The early days of Robins & Morton began with a gesture that would set a tone for decades.
Todd Robins had started his construction company, Robins Engineering, after World War II in 1946, and itwas growing at a fast clip, constructing buildings in Mountain Brook Village and Homewood near Birmingham.
One of Robins’ subcontractors was Sunshine Morton, a concrete finisher. Morton did a lot of work for Robins, and at the same time, he was battling heart problems and mounting health care bills.
“He eventually went to work for Todd,” says Bill Morton, Sunshine’s grandson. “Mr. Robins decided to hire him really to help with the cost of the hospitalizations. After that, they had a lifelong bond.”
That bond led Barry Morton- Sunshine’s son and Bill’s dad — to go to work for what would become the Robins Corp. And in 1991, when Barry Morton bought Todd out, he kept his name on the company that became Robins & Morton.
Now, Bill Morton is chairman and CEO of Robins & Morton, having succeeded his father in 2015. As it celebrates its 75th year, the company is among the state’s largest general contractors — ranked second in 2019 with offices in eight cities and more than $1 billion in contracts — and it has plans to expand more this year, having just opened an office in San Antonio, with another coming soon in Tampa.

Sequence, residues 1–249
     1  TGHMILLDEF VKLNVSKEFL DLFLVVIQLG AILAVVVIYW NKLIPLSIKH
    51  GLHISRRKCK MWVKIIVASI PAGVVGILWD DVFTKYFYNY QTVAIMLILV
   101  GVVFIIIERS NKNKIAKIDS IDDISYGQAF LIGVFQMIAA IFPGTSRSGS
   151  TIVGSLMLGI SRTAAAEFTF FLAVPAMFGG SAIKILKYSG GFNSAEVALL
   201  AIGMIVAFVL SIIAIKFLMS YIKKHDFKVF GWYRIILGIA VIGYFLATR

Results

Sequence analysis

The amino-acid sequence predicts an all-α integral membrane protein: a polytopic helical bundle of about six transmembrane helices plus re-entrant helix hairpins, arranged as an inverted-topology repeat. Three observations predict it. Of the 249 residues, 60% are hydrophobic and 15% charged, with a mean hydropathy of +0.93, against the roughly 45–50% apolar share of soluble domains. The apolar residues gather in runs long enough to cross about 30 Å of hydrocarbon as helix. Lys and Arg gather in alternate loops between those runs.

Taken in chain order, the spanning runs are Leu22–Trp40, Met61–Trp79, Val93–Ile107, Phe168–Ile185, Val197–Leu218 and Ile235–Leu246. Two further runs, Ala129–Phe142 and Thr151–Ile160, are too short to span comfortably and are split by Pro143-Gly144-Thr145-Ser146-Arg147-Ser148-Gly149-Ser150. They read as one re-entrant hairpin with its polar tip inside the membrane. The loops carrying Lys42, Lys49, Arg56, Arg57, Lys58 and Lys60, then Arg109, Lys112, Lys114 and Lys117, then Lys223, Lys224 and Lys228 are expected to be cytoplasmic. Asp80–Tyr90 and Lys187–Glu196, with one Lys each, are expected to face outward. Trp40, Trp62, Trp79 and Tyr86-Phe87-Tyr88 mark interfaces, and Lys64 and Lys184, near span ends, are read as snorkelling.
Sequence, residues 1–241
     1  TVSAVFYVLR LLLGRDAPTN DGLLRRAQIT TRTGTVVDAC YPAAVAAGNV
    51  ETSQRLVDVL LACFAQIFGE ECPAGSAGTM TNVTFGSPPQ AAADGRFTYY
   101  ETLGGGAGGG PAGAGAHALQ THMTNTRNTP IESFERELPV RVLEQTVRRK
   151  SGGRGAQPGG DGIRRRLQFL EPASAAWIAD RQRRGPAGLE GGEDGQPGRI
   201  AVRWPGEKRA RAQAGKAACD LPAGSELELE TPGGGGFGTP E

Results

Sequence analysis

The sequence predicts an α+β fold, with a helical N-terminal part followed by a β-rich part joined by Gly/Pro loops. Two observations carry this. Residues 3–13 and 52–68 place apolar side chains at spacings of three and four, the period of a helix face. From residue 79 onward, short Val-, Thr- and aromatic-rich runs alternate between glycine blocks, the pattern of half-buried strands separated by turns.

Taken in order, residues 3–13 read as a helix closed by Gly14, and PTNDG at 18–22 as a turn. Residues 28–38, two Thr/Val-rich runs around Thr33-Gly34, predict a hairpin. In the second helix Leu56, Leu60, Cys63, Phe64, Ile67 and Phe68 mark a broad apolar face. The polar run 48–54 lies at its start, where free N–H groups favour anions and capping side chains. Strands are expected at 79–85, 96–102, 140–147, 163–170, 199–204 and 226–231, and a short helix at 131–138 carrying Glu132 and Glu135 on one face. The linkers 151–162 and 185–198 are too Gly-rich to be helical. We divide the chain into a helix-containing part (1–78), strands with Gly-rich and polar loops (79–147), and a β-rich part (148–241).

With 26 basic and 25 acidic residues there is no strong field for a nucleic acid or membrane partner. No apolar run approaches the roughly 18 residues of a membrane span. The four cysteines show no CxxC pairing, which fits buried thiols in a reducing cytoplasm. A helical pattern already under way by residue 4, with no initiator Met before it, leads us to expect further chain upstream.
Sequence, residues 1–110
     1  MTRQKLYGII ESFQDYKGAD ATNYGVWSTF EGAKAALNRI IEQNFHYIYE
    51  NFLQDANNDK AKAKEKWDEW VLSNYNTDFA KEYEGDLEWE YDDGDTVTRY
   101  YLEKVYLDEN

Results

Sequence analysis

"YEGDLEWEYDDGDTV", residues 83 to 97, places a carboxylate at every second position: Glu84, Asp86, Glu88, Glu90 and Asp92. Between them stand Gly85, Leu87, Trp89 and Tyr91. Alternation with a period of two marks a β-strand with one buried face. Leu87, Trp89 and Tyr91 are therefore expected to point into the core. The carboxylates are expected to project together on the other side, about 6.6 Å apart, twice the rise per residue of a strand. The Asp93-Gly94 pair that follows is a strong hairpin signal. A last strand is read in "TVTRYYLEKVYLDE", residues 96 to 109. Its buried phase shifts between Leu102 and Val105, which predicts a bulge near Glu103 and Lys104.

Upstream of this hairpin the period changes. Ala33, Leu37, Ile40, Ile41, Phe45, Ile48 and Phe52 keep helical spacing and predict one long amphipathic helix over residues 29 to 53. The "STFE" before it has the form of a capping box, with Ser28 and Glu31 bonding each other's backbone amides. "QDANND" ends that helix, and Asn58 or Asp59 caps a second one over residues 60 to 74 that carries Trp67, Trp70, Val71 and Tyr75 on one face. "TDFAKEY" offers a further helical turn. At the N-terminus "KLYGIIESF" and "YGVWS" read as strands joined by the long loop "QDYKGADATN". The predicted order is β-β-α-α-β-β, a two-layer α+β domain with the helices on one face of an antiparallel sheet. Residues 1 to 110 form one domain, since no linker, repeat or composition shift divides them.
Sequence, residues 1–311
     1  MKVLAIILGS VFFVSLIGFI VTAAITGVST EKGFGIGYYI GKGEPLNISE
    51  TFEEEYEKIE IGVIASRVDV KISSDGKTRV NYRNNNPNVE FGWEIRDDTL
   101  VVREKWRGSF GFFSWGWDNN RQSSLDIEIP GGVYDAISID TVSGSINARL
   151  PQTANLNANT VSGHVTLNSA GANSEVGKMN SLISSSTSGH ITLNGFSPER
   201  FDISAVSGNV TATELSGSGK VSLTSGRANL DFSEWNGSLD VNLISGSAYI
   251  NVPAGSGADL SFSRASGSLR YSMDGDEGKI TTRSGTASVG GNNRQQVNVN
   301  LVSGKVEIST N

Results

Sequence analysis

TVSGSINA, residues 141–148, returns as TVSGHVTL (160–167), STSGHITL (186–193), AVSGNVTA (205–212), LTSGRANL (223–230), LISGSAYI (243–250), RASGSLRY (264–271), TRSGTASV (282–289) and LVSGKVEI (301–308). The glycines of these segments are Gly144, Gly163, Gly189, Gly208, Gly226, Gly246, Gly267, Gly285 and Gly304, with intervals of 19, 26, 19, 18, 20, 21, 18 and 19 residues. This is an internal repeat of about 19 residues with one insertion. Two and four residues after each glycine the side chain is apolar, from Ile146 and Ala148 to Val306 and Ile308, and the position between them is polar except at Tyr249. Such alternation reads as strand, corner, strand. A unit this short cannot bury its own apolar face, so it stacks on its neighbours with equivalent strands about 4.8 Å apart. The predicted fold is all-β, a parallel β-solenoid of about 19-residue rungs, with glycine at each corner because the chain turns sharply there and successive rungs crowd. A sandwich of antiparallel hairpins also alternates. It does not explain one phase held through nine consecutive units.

“Things are really changing right now, and we’re doing everything we can to keep adapting and to stay on the leading edge,” Bill Morton says. “We don’t want to be behind. We want to be leading.”
WORKING THEIR WAY UP
Bill Morton’s first job at his father’s company was on one of the company’s first hospitals, in Shreveport, Louisiana, during the summer of 1982. “My goal was to be a carpenter, and the assignment the superintendent gave me was putting me in charge of cleanup. I’m sure my dad had something to do with that,” Morton says with a laugh.
Morton graduated from Auburn University with a degree in building science in 1987 and immediately went to work for the company fulltime, working in the field, then becoming an assistant superintendent and eventually working his way up from there.
Around the same time, another Auburn building science grad, Robin Savage, was doing the same thing. He went to work for the company when he graduated in 1982, and he, too, worked his way up in the ranks, becoming president and chief operating officer when Morton became chairman and CEO in 2015.